When to Use a Dash in a Sentence
There are two main functions for the dash in standard English. They can either be a substitute for commas in order to separate a section of the sentence or to indicate a pause. Here are some examples that highlight both uses of the dash. “My two friends — Jimmy and Sarah — recently went on a date.” The dashes are used to display the extra information of the friends’ names, even though they were not needed. “Well, I think it’s better if — no you’re right.” In this example, the dashes are used to represent a pause when the speaker is having a change of opinion.
Dashes have two main functions. 1. They can be used in place of commas in order to set off a certain part of the sentence. 2. They can be used to show a pause in a quotation. Let’s take a look at the first use. Two states on the west coast – Washington and Oregon – have amazing weather.
Right here, Washington and Oregon could be omitted from the sentence. Try reading the sentence without Washington and Oregon in the sentence. Two states on the west coast have amazing weather. That sentence still makes perfect sense, so Washington and Oregon are just extra information. So what’s one way you can head off additional information?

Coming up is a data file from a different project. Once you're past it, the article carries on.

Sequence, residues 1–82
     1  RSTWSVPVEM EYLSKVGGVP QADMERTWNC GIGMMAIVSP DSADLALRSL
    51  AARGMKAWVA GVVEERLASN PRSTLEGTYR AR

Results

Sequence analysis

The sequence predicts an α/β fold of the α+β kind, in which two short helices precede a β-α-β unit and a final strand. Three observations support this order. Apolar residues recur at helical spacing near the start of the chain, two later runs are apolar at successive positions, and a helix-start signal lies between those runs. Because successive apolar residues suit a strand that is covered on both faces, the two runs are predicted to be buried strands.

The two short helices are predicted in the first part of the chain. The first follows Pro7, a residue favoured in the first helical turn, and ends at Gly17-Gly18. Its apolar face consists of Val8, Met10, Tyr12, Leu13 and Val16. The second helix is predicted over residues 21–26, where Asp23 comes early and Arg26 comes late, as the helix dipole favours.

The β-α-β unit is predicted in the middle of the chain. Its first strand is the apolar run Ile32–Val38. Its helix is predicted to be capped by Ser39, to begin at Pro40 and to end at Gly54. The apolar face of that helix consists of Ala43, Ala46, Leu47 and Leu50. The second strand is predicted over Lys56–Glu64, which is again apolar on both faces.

Through the use of commas. We could just put a comma right here after “coast” and a comma right here after “Oregon.” In this case, the writer chose to use two dashes. Here, the sentence reads, “Two states on the west coast – Washington and Oregon – have amazing weather.” Here, you pause where the dashes are, just like you would pause when you see a comma. Pause where the dashes are.
“Two states on the west coast *pause* Washington and Oregon *pause* have amazing weather.” That’s one way to use dashes, just to set a certain part off of the sentence from the rest of the sentence. Dashes can be used to show a pause in a quotation. Like right here: “Go to the left- turn right!” Right here, the speaker is telling the driver to go to the left, then they pause for a second and realize that they actually need to go to the right.
They’re saying, “Turn right.” The dash right here is showing that the speaker thought for a minute. Otherwise, the sentence wouldn’t make sense without the dash. The sentence would just read, “Go to the left turn right.” The dash is needed here to show the reader that the speaker paused, thought about it, and then changed their mind.
A dash can also be used at the end of the sentence if a speaker suddenly stops what they’re saying. It could be like: I was headed this way (there’s a dash, and then it could be) Jim froze in fear when he saw the bear. Dashes can also be used at the end of a quotation. Just remember the two main ways that dashes can be used. Dashes aren’t used very often, so use them sparingly and only when needed.